Is There Still a Difference Between Marketing and Selling?

Is There Still a Difference Between Marketing and Selling?

Reader Comments (6)

  1. Thank you Sonia, you’ve given me some great insight about sales. I used to do door to door and I got a lot of no’s, but when I worked arranging meetings cold calling I related to the person on their other end of the call, which would get my employer clients…
    They didn’t say no but a yes sir…

  2. This is a fundamental problem with many companies Sonia. Although departments have specific roles it is like walls prevent said groups from working together to create a seamless experience for the customer. This is why I enjoy being an entrepreneur building from the ground up; as I grow, I do things in flow, and as I scale, help folks see the benefit in creating a customer experience before getting all caught up marketing or sales speak, boxing themselves in.

  3. I agree with your main message Sonia – sales and marketing are intertwined, regardless of how the processes are viewed/practised by anyone. That said, there are distinct differences between the skill sets involved in each.

    The customer/client journey begins at the promotion stage and works its way through marketing to sales – therefore each stage is a relay race and must handle the baton effectively for its own part of the race (journey).

    Good marketing opens the process and creates questions (the correct questions) for sales to answer. Sales completes the education and helps the client to make the right decision to buy her solution (presupposing that the solution is right for the client).

    That people treat the sales process with suspicion, even fear, is simply a matter of confusion and misunderstanding! The most effective sales are non-sales, where the client decides to purchase from a position of choice.

    Remarkably, everyone uses sales skills everyday without realising. The most effective sales skills are wholly based on the powers of communication and interaction and we therefore need to study and hone these skills to produce the best sales – Highly Effective Sales (HES).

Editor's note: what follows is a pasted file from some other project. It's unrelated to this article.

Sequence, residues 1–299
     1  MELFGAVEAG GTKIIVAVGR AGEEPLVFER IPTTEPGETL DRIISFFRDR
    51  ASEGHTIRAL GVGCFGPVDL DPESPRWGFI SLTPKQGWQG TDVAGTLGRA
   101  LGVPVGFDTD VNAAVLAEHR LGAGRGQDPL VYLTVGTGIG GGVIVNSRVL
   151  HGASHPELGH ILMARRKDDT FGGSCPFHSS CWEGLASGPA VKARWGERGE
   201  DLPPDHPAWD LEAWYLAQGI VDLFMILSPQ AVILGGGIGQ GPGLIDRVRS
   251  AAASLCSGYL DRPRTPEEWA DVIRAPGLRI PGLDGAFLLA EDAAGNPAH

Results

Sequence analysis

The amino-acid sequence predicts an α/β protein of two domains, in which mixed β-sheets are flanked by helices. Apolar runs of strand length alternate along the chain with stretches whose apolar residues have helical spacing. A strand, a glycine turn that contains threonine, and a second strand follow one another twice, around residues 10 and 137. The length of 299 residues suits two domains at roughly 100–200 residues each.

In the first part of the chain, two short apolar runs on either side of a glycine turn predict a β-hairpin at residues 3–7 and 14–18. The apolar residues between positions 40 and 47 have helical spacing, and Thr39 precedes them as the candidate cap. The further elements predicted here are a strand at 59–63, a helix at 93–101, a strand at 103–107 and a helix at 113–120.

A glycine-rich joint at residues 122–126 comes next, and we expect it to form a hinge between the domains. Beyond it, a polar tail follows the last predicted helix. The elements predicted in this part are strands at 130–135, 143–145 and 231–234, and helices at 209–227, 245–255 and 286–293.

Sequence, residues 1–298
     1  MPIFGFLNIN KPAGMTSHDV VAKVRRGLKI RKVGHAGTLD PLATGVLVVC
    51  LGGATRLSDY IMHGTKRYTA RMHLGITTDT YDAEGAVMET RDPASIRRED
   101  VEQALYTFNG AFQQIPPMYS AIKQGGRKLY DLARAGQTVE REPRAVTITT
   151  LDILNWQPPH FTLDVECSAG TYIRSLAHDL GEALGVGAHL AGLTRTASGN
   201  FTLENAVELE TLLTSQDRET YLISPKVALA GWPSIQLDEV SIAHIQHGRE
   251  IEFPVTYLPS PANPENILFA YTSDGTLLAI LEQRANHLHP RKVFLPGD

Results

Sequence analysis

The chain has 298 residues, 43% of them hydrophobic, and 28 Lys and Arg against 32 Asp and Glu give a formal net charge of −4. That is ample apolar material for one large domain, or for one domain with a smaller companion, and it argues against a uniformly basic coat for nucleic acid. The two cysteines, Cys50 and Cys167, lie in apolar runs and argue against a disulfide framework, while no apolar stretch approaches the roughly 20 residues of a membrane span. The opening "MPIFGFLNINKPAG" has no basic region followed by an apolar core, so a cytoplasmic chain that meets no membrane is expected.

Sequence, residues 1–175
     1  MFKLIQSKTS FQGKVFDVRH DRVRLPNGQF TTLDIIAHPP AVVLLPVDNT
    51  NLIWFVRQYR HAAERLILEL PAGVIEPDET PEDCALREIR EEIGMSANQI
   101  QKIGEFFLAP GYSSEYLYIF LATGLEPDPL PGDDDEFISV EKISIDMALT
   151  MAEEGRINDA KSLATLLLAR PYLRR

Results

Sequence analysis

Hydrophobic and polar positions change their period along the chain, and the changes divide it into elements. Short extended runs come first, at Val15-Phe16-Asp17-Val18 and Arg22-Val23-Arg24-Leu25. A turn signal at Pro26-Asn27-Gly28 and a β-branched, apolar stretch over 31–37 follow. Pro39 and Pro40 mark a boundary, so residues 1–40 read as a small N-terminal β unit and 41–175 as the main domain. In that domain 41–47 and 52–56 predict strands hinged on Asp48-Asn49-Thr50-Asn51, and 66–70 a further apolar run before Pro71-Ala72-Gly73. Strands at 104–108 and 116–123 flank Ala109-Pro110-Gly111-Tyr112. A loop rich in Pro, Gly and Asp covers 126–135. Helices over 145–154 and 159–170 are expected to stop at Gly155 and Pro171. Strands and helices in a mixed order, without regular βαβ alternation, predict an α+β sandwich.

The awesome bonus is that with these skills, selling becomes not only truly effective, it also become amazingly simple and easy!

  4. Having lead both Marketing & Sales Teams, I’ve stumbled through trying to get the “silos” to understand everyone’s’ roles and work together better.

    One of the resources I go back to often is the HBR article, Ending the War Between Sales and Marketing by Philip Kotler, Neil Rackham, and Suj Krishnaswamy. It’s from 2006, but still has wisdom to share:

    One of the key takeaways is that the conflict arises from the fact that depending on the size/age of the organization, Marketing’s role changes while Sales stays relatively the same (only the scale changes). I find it provides an interesting context for building understanding in both departments.

  5. As someone who has spent over 15 years in B2B and B2C sales, I fully agree with your assessment of the silos that marketing and sales departments tend to operate, especially in larger corporations. I can’t remember the number of times where the sales team would argue with the marketing department telling them that the messaging was off and that customers wouldn’t buy into the marketing message. Or the number of times when the marketing department would force us to use marketing materials that were useless to the sales team because they didn’t talk to each other.

    As someone who is now in marketing, I agree that sales and marketing really should be intertwined and marketers should have sales skills and salespeople should have marketing skills. Sales is about offering a solution to a need or a problem and to me, marketing is really about making sure the solution is perceived to be a good fit for the need or problem.

  6. Hey! I recently started a blog and have been researching other people for inspiration. I want you to know that this post hit me really well in combination with a recent experience I had. Thanks for taking the time to write about the fine line between marketing and sales!

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